and are promoted as solutions to disaster emergency
The performance of the network depends on the
chosen topology, and each topology has its own ben-
efit. A full mesh topology provides more connectiv-
ity and reliability due to redundant routes. However,
scaling a full mesh topology is a challenge. Addition-
ally, a full mesh topology can lead to extreme battery
drainage of participating nodes due to high connec-
tion costs.
Alternatively in a scale-free network topology,
like the recently developed SOS (Banerjee et al.,
2020), delay and latency can be very high. There-
fore, to cater to a specific requirement, the topology
is predetermined for a specific application.
For example, for a sparsely populated area, a
scale-free network topology is preferred. However,
Banerjee, I., Warnier, M. and Brazier, F.
Ad Hoc Communication Topology Switching during Disasters from Altruistic to Individualistic and Back.
DOI: 10.5220/0009434201030107
In Proceedings of the 5th International Conference on Complexity, Future Information Systems and Risk (COMPLEXIS 2020), pages 103-107
ISBN: 978-989-758-427-5
2020 by SCITEPRESS Science and Technology Publications, Lda. All rights reserved
Figure 1: This figure represents two different topologies. On the left a full mesh topology is represented (individualistic
topology) and on the right a scale-free network topology is illustrated (altruistic).
for a densely populated area a full mesh topology is
In addition to density and mobility, there are many
other factors that play a role in maintaining connec-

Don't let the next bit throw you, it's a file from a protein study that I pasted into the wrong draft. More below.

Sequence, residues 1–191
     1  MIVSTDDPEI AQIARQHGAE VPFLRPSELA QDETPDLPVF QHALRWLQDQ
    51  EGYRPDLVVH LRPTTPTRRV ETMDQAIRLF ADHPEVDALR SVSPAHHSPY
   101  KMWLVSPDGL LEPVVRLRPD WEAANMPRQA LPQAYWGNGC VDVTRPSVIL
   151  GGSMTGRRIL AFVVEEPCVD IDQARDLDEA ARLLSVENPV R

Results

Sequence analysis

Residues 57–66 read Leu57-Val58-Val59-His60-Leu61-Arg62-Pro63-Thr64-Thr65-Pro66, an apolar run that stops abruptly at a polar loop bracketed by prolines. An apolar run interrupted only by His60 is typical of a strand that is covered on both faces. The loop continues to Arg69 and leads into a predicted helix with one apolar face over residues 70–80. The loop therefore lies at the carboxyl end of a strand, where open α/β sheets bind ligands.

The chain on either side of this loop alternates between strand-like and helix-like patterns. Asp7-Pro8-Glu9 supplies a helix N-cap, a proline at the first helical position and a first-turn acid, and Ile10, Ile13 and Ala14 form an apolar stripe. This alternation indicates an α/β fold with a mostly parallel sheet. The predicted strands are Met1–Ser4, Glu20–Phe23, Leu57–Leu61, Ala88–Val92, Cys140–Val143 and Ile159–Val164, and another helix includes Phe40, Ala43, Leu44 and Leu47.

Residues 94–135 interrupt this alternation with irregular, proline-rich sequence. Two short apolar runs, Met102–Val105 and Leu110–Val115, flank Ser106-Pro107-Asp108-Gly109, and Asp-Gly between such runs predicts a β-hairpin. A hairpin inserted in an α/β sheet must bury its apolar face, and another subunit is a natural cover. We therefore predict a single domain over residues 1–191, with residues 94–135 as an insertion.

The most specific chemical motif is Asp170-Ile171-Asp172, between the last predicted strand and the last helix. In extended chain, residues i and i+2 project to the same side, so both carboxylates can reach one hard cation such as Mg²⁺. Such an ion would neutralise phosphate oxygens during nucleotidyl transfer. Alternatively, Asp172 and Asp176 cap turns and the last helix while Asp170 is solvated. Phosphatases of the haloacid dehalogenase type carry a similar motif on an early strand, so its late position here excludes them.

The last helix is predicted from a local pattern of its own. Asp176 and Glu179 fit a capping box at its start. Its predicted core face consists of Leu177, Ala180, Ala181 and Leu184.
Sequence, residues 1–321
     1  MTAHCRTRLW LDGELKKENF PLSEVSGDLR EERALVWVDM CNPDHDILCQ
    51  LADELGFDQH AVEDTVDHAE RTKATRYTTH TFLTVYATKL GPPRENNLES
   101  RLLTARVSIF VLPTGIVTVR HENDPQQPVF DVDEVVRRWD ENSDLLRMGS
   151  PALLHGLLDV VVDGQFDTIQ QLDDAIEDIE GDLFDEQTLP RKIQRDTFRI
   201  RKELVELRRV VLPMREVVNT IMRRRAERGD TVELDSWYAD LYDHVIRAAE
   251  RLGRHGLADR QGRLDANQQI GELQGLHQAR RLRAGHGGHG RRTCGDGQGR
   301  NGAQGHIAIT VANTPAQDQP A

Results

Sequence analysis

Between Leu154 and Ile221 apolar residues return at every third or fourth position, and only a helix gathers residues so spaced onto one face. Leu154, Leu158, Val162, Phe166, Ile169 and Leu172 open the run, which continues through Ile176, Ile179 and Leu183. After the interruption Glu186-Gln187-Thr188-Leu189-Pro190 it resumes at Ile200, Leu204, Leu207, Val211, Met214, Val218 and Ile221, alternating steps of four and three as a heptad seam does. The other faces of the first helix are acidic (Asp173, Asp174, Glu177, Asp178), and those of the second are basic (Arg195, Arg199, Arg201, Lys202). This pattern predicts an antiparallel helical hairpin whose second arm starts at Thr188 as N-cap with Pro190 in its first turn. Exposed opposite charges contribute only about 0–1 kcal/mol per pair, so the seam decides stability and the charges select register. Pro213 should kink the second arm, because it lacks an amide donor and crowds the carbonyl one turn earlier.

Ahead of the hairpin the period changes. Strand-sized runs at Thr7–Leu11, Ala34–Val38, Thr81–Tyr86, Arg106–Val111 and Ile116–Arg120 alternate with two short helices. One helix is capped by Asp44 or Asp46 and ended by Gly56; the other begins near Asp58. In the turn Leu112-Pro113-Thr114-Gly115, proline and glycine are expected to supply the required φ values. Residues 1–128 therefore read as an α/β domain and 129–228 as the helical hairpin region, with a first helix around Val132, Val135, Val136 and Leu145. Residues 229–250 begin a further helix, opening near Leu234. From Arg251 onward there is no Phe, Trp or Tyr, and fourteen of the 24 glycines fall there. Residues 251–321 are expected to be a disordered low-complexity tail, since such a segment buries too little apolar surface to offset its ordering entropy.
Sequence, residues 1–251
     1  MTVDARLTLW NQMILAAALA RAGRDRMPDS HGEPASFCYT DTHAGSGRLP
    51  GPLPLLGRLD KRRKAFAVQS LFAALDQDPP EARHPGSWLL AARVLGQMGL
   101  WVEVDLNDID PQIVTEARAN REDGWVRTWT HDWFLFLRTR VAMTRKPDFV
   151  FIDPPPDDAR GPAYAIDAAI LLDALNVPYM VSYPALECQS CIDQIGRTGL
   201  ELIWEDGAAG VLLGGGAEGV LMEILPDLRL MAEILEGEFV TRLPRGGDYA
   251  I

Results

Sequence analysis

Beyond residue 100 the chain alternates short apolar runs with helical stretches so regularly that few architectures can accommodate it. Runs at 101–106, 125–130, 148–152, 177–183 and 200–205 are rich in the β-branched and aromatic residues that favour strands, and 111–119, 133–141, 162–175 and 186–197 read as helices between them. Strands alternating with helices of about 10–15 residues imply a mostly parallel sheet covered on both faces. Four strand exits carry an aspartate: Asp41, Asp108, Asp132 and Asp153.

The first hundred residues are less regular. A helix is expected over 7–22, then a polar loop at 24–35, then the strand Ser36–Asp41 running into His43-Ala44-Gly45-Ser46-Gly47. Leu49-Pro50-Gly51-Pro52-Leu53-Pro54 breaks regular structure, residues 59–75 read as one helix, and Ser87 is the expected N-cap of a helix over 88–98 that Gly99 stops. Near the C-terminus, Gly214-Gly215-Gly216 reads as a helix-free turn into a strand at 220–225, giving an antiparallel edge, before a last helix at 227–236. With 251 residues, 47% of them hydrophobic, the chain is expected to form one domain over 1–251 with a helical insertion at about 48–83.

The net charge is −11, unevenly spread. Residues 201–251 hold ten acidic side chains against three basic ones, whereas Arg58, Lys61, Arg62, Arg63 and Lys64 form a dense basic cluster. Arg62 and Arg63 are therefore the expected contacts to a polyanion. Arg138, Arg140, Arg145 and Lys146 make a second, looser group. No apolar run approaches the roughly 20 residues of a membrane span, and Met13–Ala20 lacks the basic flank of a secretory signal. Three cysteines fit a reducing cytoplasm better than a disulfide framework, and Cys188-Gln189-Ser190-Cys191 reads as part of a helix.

tivity, such as available resources, whether charging
facilities are available, context and social information
or relationships (Jedari et al., 2018). This can lead
to non-cooperative behaviour among relaying nodes.
Based on the behaviour of nodes, literature (Jedari
et al., 2018) classifies mobile nodes in three main cat-
cooperative, and
malicious nodes.
Malicious nodes are out of the scope of this paper.
This paper mainly focuses on selfish node behaviour
and cooperative node behaviour.
A selfish node can on purpose drop messages ei-
ther to save resources, decline to connect due to pri-
vacy issues and may have social biases before joining
an ad hoc network in a community. This can limit the
coverage area and scaling of the network, while low-
ering reliability of message delivery due to network
Therefore, there is a need for networks to be
able to switch between topologies depending on the
spatial-temporal-resource context.
This paper addresses these criteria required for a
decision model that generates a self-organised topol-
ogy with respect to spatial-temporal-resource context.
The purpose is to switch between two main topolo-
gies, namely individualistic and altruistic.
In this paper a full mesh topology is called an in-
dividualistic topology since it forms connections and
routes data without consideration for other nodes in
the network. As represented on the left panel of fig-
ure 1, each node connects with every other node in its
proximity or transmission range and communicates
without any consideration of relaying nodes.
During disaster where there is continued uncer-
tainty of available resources and need of continued